Yes, Labour is in turmoil over Europe once again, but Corbyn must speak up for party, country and the economy

2nd February, 2017 9:44 am

Jeremy Corbyn Sky News ask MPs to vote for article 50

How did we end up in this situation? That is the question most of us asked after more than a quarter of Labour MPs refused to follow Jeremy Corbyn’s lead and instead voted against triggering article 50.

After weeks of uncertainty, Corbyn’s imposition of a three-line whip, and then a total of four frontbench resignations, some 47 Labour MPs voted against the Brexit bill, including ten shadow ministers and three from the whips’ office, while absentees took the number of rebels to 60.

In fact, each side in the Labour split over article 50 is acting rationally – but that doesn’t make it look much better in the eyes of the public.

It is, after all, only seven months since the previous round of frontbench resignations and this fresh wave of internal strife could have been avoided.

Jeremy Corbyn acted rationally when he decided that Labour had to accept the result of the EU referendum, “make sure” it went through parliament and imposed a three-line whip on MPs to back the Brexit bill.

This made sense. He could not risk seeing Labour’s poll rating being battered further by allowing the party to be branded “Brexit deniers”.

It was a rational move – but probably not the right one politically.

The Labour MPs who vowed to oppose article 50 in parliament – which ultimately grew to a band of five-dozen when you include abstainers – also acted in a logical way.

They could not ignore their own lifelong convictions and, in many cases for MPs in the south-east of England and Wales, the beliefs of their constituents who voted overwhelmingly for Remain.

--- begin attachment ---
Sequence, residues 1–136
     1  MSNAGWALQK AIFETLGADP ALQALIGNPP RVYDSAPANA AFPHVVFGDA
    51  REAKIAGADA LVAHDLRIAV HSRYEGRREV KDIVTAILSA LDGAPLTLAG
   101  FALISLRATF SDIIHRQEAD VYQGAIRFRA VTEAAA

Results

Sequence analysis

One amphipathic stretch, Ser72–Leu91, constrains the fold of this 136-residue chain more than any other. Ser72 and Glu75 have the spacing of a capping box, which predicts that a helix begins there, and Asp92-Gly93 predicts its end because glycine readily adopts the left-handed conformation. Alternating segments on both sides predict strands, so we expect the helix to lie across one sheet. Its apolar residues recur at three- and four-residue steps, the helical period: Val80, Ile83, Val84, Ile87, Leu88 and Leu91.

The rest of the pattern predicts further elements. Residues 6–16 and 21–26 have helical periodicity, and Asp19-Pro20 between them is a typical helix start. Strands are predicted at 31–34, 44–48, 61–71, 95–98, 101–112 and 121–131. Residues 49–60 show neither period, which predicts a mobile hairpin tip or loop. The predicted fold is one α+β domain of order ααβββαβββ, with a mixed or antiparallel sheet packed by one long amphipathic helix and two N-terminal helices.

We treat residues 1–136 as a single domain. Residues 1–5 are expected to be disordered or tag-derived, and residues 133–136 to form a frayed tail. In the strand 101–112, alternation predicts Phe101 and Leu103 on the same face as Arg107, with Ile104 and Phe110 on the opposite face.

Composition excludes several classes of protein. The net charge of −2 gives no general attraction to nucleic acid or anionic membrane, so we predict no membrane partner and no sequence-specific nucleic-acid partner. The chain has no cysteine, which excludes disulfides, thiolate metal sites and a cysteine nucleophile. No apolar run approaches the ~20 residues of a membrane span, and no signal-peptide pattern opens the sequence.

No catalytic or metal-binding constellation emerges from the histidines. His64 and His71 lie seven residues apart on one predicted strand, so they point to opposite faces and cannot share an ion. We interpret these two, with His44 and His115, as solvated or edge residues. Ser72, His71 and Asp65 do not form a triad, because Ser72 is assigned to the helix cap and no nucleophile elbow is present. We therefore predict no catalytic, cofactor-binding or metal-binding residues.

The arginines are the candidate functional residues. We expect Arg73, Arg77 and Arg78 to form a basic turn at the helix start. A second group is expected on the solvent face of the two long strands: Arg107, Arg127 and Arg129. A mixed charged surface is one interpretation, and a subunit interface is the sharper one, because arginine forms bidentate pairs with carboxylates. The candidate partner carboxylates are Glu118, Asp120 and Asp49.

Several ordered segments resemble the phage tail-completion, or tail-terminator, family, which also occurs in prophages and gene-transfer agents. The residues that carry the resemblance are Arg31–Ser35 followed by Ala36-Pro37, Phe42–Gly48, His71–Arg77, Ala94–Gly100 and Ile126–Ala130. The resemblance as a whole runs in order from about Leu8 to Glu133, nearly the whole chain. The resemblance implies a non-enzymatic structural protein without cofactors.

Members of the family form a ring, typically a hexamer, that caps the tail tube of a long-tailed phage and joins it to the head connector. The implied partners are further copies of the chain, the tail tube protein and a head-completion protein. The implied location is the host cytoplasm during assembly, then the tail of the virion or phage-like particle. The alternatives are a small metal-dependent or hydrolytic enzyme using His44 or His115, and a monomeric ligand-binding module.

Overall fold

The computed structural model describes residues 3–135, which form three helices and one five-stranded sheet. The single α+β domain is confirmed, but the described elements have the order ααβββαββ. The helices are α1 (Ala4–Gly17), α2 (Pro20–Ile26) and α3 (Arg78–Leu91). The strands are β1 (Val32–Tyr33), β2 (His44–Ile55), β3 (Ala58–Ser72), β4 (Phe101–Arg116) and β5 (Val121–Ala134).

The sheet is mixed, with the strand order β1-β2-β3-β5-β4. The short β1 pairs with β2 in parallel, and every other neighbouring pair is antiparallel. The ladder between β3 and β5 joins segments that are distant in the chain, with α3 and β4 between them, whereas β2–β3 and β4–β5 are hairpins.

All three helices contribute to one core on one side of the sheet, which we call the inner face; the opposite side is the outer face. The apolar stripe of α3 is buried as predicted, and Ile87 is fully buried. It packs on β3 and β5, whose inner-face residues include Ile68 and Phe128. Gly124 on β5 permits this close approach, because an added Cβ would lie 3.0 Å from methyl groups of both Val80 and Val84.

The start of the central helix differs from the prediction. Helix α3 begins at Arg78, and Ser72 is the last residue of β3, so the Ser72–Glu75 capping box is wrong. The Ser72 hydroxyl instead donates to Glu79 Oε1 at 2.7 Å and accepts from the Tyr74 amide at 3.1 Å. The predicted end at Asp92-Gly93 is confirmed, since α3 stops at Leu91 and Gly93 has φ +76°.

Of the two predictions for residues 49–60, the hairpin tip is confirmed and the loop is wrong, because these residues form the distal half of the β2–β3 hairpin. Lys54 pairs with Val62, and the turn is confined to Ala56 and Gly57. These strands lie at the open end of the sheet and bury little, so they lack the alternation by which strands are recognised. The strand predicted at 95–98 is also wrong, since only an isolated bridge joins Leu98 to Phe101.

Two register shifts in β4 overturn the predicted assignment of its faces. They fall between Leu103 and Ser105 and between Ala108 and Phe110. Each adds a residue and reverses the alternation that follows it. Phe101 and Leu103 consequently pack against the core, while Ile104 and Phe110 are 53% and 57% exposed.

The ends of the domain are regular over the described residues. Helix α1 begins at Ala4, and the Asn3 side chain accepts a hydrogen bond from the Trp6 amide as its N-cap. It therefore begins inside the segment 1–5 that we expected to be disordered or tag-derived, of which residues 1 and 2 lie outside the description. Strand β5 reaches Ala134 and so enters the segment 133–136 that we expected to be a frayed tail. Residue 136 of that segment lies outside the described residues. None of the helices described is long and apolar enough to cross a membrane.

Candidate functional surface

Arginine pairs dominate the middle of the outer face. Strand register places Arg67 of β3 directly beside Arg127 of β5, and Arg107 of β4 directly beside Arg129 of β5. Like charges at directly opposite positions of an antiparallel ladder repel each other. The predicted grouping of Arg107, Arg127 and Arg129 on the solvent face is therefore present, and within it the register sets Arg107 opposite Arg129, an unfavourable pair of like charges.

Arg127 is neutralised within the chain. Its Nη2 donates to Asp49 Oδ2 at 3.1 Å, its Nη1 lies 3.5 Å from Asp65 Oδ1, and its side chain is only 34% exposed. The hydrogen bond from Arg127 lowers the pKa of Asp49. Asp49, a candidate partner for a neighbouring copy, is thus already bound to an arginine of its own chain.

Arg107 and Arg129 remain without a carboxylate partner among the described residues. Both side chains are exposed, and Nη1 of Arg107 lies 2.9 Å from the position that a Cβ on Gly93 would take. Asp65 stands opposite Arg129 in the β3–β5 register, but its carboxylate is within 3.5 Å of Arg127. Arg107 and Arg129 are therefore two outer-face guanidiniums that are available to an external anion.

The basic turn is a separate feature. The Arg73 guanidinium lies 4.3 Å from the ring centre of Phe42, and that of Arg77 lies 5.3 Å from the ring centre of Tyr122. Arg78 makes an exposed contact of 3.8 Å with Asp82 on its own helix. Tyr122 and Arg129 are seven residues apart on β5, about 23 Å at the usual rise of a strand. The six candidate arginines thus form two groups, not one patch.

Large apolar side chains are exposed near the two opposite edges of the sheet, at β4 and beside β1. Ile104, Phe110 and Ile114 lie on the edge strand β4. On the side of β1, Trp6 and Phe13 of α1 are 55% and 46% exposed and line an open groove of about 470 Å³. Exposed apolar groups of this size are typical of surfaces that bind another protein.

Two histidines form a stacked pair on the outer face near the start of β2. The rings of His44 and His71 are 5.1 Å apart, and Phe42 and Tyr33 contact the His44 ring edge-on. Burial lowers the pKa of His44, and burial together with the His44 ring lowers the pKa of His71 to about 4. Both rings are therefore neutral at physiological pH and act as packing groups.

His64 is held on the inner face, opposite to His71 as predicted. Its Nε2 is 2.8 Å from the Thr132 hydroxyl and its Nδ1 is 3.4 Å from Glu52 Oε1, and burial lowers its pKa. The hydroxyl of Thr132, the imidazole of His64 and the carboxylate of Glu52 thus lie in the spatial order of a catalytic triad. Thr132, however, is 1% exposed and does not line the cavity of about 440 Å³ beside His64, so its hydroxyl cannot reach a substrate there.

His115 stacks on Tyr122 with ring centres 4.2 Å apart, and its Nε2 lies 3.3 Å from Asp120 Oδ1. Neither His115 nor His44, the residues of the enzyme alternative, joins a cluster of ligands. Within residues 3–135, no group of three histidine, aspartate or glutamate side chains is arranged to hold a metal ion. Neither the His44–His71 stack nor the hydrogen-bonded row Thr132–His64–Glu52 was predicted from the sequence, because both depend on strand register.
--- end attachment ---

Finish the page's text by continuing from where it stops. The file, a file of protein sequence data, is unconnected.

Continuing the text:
Add to that the slim majorities of several of these MPs – Tulip Siddiq, one of four departures from the frontbench, won by just 1,138 votes in Hampstead and Kilburn last time – it is clear they too acted in a rational manner.

So the problem for Labour was that it was caught in a three-way bind between the pro-Remain views of its MPs, the passionately pro-EU stance of many voters in marginal seats and the will of the British people, who decided they wanted to get out.

It was only 52 per cent to 48, the Remainers have convincingly argued. But it was still 17.4 million people who backed Brexit to deliver the largest mandate in British political history.

And now, according to polling presented to Corbyn, John McDonnell and Diane Abbott last month, two-thirds of people view their vote in the referendum is more important than that for any political party.

Today Corbyn pointed out that Labour MPs voted by three-to-one in favour of triggering article 50 and said the battle is now to put “centre stage” the demand for protections over jobs, living standards and the need to hold Theresa May to account.

This is correct – if a bit belated.

Corbyn’s challenge now is two-fold and covers his duty to party and country, as aides to the leader have recognised.

Firstly, Corbyn must carry out a relatively quick reshuffle. This will be his fourth such shake-up in the 17 months since he was elected. It must show to the nine million people who voted Labour at the general election – particularly those who have drifted away since – that the party can still speak for them, whether they are Remain or Leave. Thanks to the polling we now know how much their referendum vote is tied to their values.

With by-elections looming in Copeland and Stoke-on-Trent Central in three weeks’ time, this is an essential task to boost Labour candidates and all our activists, as well as the leader himself.

And then Corbyn must do his job for the country and speak up for the economy. He must demonstrate that while Labour is struggling for unity, it is still doing the job of an Opposition to try to restrain the Tories’ desire for a “hard Brexit”. If you don’t like the sound of what you have heard from the Tories over the last week, then that could just be the start of the damage done to business, jobs, growth, investment, manufacturing and workers’ rights in the months ahead.

It is another time of turmoil for Labour but we must not forget the threat posed by May and her dangerous brand of Boris Johnson, Liam Fox and David Davis.

Out of Labour’s latest storm must come a renewed determination to speak up for our voters and for people of all stripes around the country for whom the prospect of a hard Brexit seems to be turning into a painful reality.

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